Tottenham moved one step closer to playing home games at Wembley next season after their application to host 27 matches at the stadium’s full 90,000 capacity was approved.
Brent Council’s planning committee voted in favour of the proposal by a majority of five to one following a heated meeting, lasting three hours and 32 minutes and during which frustrated local residents were allowed to air their views.
Spurs now have until March 31 to activate their option to play at the national stadium, which has already been agreed with the Football Association.
The club, however, are likely to use all their available time to decide, as they assess whether their new stadium next to White Hart Lane will be completed in time for the start of the 2018-19 season.
Tottenham could yet stay at their current ground next season and play home games at Wembley in 2018-19, before moving into the new stadium for the 2019-20 campaign.
One resident broke down in tears midway through the debate at Brent’s Civic Centre while representations made by Tottenham’s executive director Donna Cullen and Wembley operations manager Chris Bryant were regularly interrupted by heckling.
Wembley’s current regulations meant Spurs could play any number of games there with the upper tier left empty, but this would mean a restricted capacity of 50,835.
The club were desperate, therefore, to be granted the full 90,000 for all their games and avoid the dampening effect on atmosphere involved in playing in a half-empty stadium.
Cullen said: “Brent is the proud home of Wembley but we would need to make it our proud home here.
“We would need to create a vibrant home advantage in the stadium. The impact of support is well-acknowledged, hence our application tonight for full capacity.”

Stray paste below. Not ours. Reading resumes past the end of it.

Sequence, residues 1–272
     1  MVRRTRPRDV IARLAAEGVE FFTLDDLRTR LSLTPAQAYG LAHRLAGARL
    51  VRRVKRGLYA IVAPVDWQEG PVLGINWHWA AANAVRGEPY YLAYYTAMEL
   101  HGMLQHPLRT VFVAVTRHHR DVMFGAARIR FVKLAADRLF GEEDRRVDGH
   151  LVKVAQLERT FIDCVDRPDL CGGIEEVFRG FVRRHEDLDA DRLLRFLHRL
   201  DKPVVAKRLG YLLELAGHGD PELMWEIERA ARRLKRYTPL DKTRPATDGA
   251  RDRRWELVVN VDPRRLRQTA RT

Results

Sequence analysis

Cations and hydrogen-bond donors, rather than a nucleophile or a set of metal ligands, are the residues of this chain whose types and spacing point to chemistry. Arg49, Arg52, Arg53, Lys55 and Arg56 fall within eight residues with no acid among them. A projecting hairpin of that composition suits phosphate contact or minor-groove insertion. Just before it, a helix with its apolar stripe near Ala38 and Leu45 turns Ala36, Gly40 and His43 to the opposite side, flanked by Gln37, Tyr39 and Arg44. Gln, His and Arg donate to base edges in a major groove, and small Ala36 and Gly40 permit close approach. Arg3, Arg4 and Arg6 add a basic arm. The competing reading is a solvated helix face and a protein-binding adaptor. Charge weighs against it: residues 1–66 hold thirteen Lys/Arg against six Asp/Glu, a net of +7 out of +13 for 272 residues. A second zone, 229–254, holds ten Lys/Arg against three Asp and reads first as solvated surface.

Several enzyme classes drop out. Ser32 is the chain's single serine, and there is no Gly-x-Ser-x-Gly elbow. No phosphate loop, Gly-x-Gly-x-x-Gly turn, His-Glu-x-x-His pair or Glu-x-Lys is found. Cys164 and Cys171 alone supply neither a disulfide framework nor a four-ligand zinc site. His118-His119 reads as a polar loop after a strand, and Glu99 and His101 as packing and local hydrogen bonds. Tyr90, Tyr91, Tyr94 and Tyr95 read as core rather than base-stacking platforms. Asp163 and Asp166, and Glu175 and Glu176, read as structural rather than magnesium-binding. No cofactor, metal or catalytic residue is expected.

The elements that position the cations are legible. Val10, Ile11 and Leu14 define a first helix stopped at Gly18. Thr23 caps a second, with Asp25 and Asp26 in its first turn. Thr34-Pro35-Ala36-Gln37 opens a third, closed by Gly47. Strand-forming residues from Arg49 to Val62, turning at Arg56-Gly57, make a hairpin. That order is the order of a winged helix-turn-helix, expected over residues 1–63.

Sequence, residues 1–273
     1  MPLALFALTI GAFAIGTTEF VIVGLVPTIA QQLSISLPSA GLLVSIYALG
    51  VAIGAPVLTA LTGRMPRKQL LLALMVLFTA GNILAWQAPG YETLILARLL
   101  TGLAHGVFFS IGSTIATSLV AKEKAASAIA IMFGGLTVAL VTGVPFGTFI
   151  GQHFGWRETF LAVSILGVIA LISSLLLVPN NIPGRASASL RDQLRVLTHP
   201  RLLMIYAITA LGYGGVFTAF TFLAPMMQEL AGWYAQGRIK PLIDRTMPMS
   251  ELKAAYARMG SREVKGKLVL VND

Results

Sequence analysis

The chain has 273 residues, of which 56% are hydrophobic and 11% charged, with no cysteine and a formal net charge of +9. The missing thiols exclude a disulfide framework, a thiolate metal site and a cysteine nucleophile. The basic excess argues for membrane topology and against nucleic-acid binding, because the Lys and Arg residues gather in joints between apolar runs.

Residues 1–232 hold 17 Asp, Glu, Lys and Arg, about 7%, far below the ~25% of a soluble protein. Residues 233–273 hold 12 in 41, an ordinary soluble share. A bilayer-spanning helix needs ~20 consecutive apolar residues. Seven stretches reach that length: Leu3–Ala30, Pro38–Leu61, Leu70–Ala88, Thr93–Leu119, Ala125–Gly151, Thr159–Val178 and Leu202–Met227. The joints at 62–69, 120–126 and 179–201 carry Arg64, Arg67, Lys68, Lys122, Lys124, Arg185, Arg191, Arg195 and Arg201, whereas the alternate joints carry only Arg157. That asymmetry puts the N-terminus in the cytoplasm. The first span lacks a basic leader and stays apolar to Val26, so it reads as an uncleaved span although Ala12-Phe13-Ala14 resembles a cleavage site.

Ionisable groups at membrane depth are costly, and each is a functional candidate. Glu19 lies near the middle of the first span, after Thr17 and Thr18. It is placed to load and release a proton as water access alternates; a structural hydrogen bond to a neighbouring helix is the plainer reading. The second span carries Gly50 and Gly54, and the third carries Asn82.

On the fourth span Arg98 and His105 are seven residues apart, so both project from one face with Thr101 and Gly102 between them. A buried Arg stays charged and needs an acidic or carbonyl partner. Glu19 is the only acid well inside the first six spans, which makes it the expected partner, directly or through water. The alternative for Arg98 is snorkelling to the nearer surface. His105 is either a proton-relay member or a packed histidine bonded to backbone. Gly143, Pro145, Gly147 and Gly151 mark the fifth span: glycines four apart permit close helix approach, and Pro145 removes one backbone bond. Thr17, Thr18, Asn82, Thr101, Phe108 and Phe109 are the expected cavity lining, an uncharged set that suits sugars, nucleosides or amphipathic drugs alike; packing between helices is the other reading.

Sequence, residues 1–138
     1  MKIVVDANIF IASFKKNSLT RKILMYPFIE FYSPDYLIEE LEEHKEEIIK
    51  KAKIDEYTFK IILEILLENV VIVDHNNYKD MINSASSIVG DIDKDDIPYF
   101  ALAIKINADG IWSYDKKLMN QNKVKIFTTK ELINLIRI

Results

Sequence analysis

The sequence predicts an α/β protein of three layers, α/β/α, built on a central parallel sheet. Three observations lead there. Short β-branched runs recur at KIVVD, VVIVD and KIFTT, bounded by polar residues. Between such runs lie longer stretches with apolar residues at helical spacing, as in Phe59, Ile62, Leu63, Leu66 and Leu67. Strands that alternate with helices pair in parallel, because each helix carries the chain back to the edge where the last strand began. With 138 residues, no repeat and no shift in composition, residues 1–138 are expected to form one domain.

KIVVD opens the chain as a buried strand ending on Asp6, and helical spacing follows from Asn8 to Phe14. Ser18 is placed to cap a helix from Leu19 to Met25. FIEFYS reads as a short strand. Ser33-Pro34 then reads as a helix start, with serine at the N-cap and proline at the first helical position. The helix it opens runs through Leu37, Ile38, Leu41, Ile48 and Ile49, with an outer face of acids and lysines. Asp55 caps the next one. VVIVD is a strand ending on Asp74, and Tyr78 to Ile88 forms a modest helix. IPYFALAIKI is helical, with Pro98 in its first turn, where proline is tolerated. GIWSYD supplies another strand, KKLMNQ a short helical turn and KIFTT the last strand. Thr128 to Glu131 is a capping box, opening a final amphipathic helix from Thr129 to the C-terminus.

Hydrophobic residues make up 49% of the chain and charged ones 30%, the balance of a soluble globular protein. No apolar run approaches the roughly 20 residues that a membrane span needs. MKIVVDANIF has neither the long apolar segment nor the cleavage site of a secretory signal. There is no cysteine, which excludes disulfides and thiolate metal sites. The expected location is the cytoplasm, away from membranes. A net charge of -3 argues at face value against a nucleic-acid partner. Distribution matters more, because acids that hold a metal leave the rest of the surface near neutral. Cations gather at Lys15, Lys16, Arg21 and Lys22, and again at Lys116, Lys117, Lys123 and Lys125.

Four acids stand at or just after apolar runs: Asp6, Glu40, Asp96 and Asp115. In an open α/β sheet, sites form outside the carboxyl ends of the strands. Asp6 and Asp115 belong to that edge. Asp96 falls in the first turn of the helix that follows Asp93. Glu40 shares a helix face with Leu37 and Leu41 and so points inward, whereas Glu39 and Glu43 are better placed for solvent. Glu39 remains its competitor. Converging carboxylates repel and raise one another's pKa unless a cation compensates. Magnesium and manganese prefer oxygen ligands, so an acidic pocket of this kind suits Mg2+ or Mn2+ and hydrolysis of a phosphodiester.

But the issue of full capacity proved particularly contentious with objectors, who expressed concerns about anti-social behaviour, the extra strain on transport and the negative impact on local businesses.
Transport expert and local resident Fatema Karim-Khaku said Tottenham’s concerns about the atmosphere at matches “was not a material planning consideration and should not be considered by the committee”.
Councillor and non-member Sam Stopp, a Spurs supporter himself, said the residents’ well-being should come first.
“While in my heart I would love to see Spurs play at Wembley, I cannot do anything but implore you to take the alternative decision,” Stopp said.
“It would suggest a very wealthy football club might matter more to this council than the residents of Wembley and the residents of Brent.
“There is also a danger Wembley ends up simply being treated like a cash cow, and a cash cow the residents of Brent don’t actually receive any benefit from.”
The frustrations of the objectors fell on deaf ears, however.
At least two councillors appeared to favour approving the proposal but only on the condition that the capacity be reduced from 90,000. A compromise option of 61,000 – the capacity at Tottenham’s new stadium – was suggested.
It was decided, however, that to propose a new figure, more analysis would be required and a deferral was not an option.
Councillor Barbara Pitruzzella was the only one to vote against the proposal while Councillor Michael Maurice approved, although admitted to feeling “between a rock and a hard place”.
If Tottenham host more than 27 matches next season, in theory the extra games could only be played to the reduced attendance of 50,835.
Bryant, however, suggested Spurs could yet play even those fixtures at full capacity.
“We would look to absorb those matches into the existing Wembley calendar,” Bryant said. “Spurs will be made the priority.”